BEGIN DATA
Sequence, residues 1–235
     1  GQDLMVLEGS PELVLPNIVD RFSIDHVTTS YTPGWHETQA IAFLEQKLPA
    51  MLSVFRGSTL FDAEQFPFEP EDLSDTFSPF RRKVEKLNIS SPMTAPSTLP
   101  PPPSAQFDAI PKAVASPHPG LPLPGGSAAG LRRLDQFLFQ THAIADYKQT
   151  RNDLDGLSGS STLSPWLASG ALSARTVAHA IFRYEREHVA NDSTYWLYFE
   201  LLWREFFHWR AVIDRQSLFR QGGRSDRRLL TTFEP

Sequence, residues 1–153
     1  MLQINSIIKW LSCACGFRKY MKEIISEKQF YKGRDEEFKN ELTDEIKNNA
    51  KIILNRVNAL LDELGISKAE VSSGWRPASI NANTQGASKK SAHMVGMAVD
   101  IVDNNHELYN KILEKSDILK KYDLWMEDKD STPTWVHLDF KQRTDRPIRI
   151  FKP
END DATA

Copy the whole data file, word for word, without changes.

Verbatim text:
Sequence, residues 1–235
     1  GQDLMVLEGS PELVLPNIVD RFSIDHVTTS YTPGWHETQA IAFLEQKLPA
    51  MLSVFRGSTL FDAEQFPFEP EDLSDTFSPF RRKVEKLNIS SPMTAPSTLP
   101  PPPSAQFDAI PKAVASPHPG LPLPGGSAAG LRRLDQFLFQ THAIADYKQT
   151  RNDLDGLSGS STLSPWLASG ALSARTVAHA IFRYEREHVA NDSTYWLYFE
   201  LLWREFFHWR AVIDRQSLFR QGGRSDRRLL TTFEP

Sequence, residues 1–153
     1  MLQINSIIKW LSCACGFRKY MKEIISEKQF YKGRDEEFKN ELTDEIKNNA
    51  KIILNRVNAL LDELGISKAE VSSGWRPASI NANTQGASKK SAHMVGMAVD
   101  IVDNNHELYN KILEKSDILK KYDLWMEDKD STPTWVHLDF KQRTDRPIRI
   151  FKP